The supposed drawbacks of being a child prodigy

The supposed drawbacks of being a child prodigy

Recently there was an article in the Daily Mail about a 14 year-old violinist named Chloe Hanslip.  (People despise the Daily Mail but I find it more informative about the modern ideology than the more pretentious papers.)  The article is headed ‘The Price of Being a Genius – the story of Chloe Hanslip is one of enormous sacrifice by her family  - and herself.’  It is difficult to see what is sacrificial about it.  The price being paid is certainly far less than the price of being prevented from being a genius, if you are one, as paid by me and my parents. 

Chloe’s musical education is being paid for by her parents, thus keeping her out of the clutches of the British educational system and sparing everyone the suffering and conflict which arose, in my case, from contact with the local educational establishment.  Nobody is suffering emotionally at all.  Chloe says, ‘I love my life’, something I would never had said at her age, having just been prevented from taking the School Certificate exam and viewing my future with the gravest misgivings.  A year or so later I might have said I was suffering the torments of the damned, and meant it, because the only equivalent I could find to the depth of my unhappiness was in a short story about someone who had sold his soul to the devil and was awaiting the hour when the completion of the contract would fall due.  But, I reflected, the difference was that I had not consented to the sale and had received nothing in exchange.

So what are the sacrifices exactly?  She is getting a suitable education for someone of her outstanding ability, and is unlikely to be debarred from the sort of career to which is suited.  It is rather a strain on her parent’s finances.  Her father has to do some shopping when she and her mother are abroad, and their television is rather old, so it could be said that they are paying a certain price in money.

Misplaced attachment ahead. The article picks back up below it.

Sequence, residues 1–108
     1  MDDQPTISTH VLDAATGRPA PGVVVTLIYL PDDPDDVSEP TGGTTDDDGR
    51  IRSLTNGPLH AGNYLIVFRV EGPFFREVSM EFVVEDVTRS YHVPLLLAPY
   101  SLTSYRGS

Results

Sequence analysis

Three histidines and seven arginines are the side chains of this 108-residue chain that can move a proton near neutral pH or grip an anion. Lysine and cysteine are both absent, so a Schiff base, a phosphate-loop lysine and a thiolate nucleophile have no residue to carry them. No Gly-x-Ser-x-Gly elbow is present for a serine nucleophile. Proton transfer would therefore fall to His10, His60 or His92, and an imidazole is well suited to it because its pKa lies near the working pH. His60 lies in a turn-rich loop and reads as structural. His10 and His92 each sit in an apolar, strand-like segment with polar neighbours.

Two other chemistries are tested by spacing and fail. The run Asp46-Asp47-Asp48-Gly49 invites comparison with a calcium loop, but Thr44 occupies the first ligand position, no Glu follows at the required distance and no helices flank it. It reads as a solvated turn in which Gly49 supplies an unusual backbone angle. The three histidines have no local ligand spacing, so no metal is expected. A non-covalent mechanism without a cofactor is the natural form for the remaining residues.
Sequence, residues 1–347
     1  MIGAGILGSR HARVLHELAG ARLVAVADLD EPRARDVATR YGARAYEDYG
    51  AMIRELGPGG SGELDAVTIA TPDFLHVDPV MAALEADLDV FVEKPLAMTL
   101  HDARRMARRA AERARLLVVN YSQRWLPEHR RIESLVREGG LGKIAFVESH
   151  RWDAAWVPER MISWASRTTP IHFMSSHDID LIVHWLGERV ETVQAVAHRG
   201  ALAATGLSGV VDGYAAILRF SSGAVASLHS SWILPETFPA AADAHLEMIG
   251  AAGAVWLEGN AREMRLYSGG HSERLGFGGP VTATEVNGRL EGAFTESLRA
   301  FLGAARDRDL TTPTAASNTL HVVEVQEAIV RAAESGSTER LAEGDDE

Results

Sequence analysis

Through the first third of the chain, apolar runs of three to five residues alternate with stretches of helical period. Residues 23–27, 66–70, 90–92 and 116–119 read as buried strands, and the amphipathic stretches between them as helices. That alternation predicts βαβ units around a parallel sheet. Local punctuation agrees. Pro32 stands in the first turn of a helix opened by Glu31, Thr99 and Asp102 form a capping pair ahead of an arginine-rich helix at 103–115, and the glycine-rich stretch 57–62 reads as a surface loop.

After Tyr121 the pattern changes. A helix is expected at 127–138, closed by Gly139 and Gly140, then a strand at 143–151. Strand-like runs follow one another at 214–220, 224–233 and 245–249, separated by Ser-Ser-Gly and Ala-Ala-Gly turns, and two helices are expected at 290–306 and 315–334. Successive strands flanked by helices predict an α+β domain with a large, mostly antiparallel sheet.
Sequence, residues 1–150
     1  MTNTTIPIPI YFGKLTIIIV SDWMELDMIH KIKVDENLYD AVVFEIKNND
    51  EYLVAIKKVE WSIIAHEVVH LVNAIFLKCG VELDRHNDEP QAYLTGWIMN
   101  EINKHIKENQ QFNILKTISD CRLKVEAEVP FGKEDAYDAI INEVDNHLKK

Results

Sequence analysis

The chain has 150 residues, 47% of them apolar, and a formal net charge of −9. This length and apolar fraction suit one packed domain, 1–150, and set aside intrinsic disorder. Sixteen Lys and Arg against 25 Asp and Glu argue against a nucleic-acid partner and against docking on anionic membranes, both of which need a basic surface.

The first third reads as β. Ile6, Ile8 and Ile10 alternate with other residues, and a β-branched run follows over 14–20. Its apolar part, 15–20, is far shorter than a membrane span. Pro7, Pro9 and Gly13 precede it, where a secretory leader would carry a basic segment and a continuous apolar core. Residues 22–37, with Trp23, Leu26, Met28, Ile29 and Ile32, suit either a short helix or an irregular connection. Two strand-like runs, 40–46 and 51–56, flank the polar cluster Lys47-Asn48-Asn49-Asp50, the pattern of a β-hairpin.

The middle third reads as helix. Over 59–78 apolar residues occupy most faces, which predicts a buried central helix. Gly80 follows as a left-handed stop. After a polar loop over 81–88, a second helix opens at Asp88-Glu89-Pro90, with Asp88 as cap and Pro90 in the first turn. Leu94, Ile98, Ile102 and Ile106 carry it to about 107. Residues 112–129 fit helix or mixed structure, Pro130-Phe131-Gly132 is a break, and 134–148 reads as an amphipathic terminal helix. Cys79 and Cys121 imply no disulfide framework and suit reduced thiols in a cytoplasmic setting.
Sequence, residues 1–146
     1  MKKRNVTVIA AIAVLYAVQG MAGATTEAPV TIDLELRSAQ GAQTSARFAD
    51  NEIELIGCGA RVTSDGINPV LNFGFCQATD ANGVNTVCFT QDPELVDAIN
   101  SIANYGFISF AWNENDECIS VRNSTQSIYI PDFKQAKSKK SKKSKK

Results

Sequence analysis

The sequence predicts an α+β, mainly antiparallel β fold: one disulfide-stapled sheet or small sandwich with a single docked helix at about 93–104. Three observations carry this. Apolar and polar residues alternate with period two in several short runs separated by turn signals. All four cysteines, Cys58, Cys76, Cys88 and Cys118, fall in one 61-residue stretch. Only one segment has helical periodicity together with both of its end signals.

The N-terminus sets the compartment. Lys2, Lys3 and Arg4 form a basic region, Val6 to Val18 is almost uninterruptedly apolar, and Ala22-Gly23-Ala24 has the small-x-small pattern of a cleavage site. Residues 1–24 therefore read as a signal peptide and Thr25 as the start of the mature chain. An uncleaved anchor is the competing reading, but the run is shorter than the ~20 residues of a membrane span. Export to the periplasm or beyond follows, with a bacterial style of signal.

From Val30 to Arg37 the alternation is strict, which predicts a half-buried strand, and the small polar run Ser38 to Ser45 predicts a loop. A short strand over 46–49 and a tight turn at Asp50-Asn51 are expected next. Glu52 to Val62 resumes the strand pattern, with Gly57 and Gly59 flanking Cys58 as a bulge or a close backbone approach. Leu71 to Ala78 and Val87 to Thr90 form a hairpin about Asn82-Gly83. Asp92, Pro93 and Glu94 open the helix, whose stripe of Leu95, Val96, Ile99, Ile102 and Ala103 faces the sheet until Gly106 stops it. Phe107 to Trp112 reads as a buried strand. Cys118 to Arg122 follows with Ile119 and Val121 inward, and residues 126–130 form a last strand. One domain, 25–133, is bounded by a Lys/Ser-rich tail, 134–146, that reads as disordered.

But my parents and I all paid in money much more highly for the socially engineered ruin of my prospects in life.  When my father’s health broke down he had to retire early without even a proper pension, and I had no tolerable way of earning money at all, since I had no way of making an academic career which was the only sort of career I could have.  So I was most bitterly caught between my need for money to purchase the conditions of  an acceptable intellectual life (which are provided free of charge by colleges for resident Fellows) and the fact that I had no way of making money at all.  The only jobs open to me were so damaging that I had to give them up as soon as possible (as someone with claustrophobia might have to, if the only job for which society considered him eligible was coalmining).  Investment might be a possible way of making money, but as yet I had no capital.  

Contrast between paying something in money for a positive and possibly lucrative future, and paying in both money and suffering for ruined lives devoid of opportunity.